Nowadays we scuttle away quickly if anyone near us sneezes. But it may not be Covid 19. It could be a reaction to the sun.

This type of sneezing reaction is called photic sneeze reflex and 18 to 35 % of the population suffer from it. It’s an inherited trait.

Apparently what happens is that, confronted with very bright light, the messages to the brain get scrambled and the brain thinks that the signal is coming from the nose rather than the eyes so it tries to expel the light by sneezing.

Today’s lesson is brought to you from

Teampall Bán, Danny O’Mahony, UCC Artist in Residence and Hurling in Cork, Wexford and Kildare

 Ballybunion Castle Green with flags in July 2019


Sean and Killian in the Square

On a break from Irish College on Sunday July 28 2019, Sean and Killian returned with me to the scene of so many happy summer photos from their childhood.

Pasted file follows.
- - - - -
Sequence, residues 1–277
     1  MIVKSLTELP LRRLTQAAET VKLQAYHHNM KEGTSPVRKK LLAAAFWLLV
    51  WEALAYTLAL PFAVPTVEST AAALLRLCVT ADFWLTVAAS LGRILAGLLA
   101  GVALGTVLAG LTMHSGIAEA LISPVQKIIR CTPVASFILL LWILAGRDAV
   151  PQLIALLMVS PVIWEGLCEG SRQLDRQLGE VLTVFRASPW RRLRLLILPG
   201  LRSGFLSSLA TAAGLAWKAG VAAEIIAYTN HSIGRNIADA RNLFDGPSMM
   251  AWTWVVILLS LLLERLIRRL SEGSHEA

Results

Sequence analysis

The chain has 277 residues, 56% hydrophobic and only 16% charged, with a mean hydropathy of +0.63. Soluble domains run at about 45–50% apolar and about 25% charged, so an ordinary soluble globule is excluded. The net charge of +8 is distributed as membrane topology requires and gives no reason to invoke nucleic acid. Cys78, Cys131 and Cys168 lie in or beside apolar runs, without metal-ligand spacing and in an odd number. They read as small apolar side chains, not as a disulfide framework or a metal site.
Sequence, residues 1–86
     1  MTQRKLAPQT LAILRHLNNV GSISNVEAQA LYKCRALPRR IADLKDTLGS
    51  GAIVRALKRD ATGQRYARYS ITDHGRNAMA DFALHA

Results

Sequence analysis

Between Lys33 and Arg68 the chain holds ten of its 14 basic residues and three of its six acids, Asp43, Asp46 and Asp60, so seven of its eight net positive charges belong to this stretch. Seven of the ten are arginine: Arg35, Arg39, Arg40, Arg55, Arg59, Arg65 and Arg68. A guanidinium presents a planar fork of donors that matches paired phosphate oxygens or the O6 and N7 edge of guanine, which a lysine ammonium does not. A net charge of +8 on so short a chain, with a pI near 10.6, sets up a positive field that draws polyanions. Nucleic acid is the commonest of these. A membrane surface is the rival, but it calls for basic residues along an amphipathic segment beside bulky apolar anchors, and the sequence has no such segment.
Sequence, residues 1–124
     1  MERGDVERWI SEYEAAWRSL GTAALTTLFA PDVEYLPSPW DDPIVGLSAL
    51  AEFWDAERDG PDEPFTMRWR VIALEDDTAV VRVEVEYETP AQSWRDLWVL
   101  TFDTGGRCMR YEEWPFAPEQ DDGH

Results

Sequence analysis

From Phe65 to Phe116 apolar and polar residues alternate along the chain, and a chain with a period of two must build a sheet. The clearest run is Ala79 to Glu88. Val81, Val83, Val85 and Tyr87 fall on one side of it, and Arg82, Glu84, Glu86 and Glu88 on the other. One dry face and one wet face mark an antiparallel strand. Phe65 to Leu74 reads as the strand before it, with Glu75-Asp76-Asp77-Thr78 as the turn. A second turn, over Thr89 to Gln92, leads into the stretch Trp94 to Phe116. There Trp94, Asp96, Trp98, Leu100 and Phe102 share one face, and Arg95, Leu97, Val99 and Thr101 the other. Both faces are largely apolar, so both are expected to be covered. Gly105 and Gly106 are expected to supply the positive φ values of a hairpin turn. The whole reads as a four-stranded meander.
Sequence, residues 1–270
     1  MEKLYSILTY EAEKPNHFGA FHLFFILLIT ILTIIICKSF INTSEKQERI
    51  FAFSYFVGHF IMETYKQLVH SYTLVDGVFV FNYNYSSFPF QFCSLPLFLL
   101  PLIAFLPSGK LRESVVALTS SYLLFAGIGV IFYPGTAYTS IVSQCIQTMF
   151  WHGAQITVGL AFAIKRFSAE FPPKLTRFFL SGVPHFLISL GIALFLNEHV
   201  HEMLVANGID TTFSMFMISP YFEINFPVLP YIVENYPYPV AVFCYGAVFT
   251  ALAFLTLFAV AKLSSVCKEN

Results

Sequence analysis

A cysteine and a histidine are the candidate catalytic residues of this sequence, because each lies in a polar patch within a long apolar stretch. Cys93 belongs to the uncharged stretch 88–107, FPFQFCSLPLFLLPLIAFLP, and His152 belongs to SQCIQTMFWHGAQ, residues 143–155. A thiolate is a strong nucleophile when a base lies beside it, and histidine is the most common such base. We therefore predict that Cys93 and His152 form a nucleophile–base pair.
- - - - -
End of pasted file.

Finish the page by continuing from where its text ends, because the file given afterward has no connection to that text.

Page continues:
Everyone Should Visit Teampall Bán

Lest we ever forget

This peaceful, prayerful spot should be a place of pilgrimage and reflection for everyone.


Danny O’Mahony, UCC Artist in Residence

It has been announced that button accordionist Danny O’Mahony is the new Traditional Artist in Residence at University College Cork for 2019/20. The residency, which is supported by the Arts Council, begins this September, with O’Mahony delivering a series of concerts and workshops over twelve months. The School of Film, Music and Theatre at UCC will host O’Mahony for the duration of the residency. 

O’Mahony grew up in Ballyduff, County Kerry. In 2011, he released his debut album In Retrospect, followed by a duet record with concertina player Mícheál Ó Raghallaigh, As it Happened, in 2012. In 2009, O’Mahony reestablished The Shannon Vale Céilí Band, which has since won the All-Ireland Senior Céilí Band title at Fleadh Cheoil na hÉireann. O’Mahony also presents a weekly traditional music show on Radio Kerry, called Trip to the Cottage.

Speaking about his new appointment, O’Mahony said: